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India, 4 more countries contributed to half of under-5 deaths in 2019: UNICEF

High levels of child mortality and malnutrition (AP)Premium
High levels of child mortality and malnutrition (AP)

  • About 53% of all under-five deaths in 2019, 2.8 million occurred in sub-Saharan Africa, and roughly 1.5 million children died in 2019 before reaching age 5 in Central and Southern Asia
  • In the pandemic, disruptions to essential maternity and health services could spark the biggest child survival crisis

NEW DELHI : India is among five countries of the world that contributed to nearly half of all under-five deaths occurred in 2019, according to a report released by UNICEF, the World Health Organization (WHO), the Population Division of the United Nations Department of Economic and Social Affairs and the World Bank Group on Wednesday.

The report titled--the Levels & Trends in Child Mortality Estimates developed by the UN Inter-agency Group for Child Mortality Estimation stated that about 49% of the all under-five deaths occurred in 2019 were in just five countries: Nigeria, India, Pakistan, the Democratic Republic of the Congo and Ethiopia. Nigeria and India alone account for almost a third, the report added.

According to the report, the global burden of under-five deaths weighs most heavily on just two regions. About 53% of all under-five deaths in 2019, 2.8 million occurred in sub-Saharan Africa, and roughly 1.5 million children died in 2019 before reaching age 5 in Central and Southern Asia.

These two regions alone accounted for more than 80% of the 5.2 million global under-five deaths in 2019, but they only accounted for 52% of the global under-five population, the report said.

The report highlighted that 7.4 million children, adolescents and youth under 25 years died, mostly from preventable or treatable causes. And, 70% of these deaths – 5.2 million – occurred among children under age 5, and nearly half of these – 2.4 million – occurred in the first month of life. About 2.2 million deaths occurred among older children and young people aged 5−24 years, with 43% (1 million) occurring during the adolescent period, ages 10-19. Children aged 5–9 accounted for 0.5 million and youth aged 20–24 accounted for 0.8 million, the report said.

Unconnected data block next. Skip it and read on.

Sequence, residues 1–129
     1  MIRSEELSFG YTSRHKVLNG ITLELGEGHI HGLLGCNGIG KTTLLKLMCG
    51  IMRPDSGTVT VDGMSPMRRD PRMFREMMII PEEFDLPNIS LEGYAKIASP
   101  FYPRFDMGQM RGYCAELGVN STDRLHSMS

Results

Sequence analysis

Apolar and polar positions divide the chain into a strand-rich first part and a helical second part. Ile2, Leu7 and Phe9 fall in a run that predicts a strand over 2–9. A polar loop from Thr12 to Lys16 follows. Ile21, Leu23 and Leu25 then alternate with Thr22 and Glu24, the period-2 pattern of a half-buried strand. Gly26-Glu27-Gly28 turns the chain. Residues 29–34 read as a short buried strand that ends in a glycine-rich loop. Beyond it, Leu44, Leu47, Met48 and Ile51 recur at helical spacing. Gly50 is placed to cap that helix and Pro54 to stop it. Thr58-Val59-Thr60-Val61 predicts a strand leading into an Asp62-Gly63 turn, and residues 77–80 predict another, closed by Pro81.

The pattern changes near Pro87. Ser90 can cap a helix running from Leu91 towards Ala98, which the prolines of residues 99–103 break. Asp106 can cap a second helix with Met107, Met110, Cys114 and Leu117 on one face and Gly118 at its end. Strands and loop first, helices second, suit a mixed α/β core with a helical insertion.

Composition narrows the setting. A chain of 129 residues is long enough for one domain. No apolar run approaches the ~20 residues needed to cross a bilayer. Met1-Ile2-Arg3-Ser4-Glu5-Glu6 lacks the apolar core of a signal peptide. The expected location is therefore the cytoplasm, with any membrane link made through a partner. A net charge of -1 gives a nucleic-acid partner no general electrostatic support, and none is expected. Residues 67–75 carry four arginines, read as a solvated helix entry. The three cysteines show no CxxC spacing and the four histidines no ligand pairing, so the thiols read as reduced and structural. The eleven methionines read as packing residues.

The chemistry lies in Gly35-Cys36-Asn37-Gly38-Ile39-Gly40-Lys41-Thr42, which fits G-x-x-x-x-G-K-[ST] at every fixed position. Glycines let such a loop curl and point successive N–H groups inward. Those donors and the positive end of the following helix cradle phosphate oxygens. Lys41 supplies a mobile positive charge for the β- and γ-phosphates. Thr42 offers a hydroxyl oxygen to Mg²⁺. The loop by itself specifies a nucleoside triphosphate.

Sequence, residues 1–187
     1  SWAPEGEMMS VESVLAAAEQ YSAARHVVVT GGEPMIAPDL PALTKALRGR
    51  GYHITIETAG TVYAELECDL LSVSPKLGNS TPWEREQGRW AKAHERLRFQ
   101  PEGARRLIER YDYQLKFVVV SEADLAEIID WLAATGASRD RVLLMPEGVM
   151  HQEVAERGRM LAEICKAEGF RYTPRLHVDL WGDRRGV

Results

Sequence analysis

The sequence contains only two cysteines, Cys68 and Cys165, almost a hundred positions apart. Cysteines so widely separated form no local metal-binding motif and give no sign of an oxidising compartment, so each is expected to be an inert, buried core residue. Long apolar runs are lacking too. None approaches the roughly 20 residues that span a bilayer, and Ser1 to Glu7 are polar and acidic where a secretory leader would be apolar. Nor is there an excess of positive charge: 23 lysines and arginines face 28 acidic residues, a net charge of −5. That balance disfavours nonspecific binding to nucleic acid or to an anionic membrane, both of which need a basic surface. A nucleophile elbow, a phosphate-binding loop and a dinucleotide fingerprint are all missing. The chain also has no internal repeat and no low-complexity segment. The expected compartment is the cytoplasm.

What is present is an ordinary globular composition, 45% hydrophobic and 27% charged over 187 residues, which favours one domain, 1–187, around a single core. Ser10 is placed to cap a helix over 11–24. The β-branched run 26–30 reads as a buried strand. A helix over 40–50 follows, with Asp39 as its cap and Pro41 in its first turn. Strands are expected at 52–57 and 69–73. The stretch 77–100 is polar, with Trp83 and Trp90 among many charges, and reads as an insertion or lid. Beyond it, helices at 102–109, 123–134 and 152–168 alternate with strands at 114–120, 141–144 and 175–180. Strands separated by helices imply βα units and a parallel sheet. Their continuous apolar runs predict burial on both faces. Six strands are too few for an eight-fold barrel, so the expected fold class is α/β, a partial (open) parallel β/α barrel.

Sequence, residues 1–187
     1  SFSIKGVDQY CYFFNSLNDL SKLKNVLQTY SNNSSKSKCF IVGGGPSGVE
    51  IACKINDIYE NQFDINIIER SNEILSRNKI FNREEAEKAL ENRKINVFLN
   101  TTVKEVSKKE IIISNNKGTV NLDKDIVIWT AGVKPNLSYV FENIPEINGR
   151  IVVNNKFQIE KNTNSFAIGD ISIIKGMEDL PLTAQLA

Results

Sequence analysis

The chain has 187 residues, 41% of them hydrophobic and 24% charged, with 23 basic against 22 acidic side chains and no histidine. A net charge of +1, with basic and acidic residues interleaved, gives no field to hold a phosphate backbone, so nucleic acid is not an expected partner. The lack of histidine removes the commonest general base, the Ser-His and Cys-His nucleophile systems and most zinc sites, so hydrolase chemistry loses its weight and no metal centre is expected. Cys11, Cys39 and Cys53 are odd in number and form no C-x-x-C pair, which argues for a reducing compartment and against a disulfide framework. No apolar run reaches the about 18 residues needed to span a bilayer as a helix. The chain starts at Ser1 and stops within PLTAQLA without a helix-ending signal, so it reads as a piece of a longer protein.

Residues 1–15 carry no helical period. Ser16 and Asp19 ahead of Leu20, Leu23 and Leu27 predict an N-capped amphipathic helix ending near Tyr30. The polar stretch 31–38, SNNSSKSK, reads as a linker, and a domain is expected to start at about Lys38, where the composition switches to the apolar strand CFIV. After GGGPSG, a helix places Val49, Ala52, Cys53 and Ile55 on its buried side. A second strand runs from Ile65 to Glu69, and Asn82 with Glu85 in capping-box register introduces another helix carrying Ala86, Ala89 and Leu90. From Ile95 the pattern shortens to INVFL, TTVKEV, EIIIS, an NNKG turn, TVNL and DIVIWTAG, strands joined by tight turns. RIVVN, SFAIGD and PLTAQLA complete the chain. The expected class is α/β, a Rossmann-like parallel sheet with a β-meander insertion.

On current trends, the report said, close to 23 million 5-to-24-year-olds and 48 million children under 5 years of age will die between 2020 and 2030. Almost half of these under-five deaths will be newborns. Nearly 40% of the global under-five deaths occurred in countries suffering humanitarian crises.

“If current trends continue, 53 countries will not be able to meet the under-five mortality Sustainable Development Goals (SDG) target (at least as low as 25 deaths per 1,000 live births) and more than 60 countries are falling behind in achieving the neonatal mortality target (at least as low as 12 deaths per 1,000 live births) to end preventable child deaths by 2030," the report said adding if all countries were to meet the SDG under-five mortality target, 11 million deaths would be averted from 2020 to 2030.

As the world struggles to respond to the covid-19 pandemic, disruptions to essential maternity and health services could spark the biggest child survival crisis since the Second World War. Already fragile health systems are growing weaker and are struggling to respond to covid-19 at the same time as delivering essential and life-saving health services. The WHO has said that there is a high risk that the covid-19 pandemic may reverse decades long progress on reducing child mortality.

“Lack of access to and use of essential health services for pregnant women and newborns during the pandemic, including antenatal care visits, vaccination against preventable diseases, and sick and well check-ups, may reverse progress toward improved survival for pregnant women, newborns and children," the WHO said.

Initial estimates suggest substantial reductions in the coverage of life-saving interventions and increases in undernutrition resulting in wasting could result in more than one million additional under-five deaths in only six months.

“When children are denied access to health services because the system is overrun, and when women are afraid to give birth at the hospital for fear of infection, they, too, may become casualties of covid-19. Without urgent investments to re-start disrupted health systems and services, millions of children under five, especially newborns, could die," said Henrietta Fore, UNICEF Executive Director.

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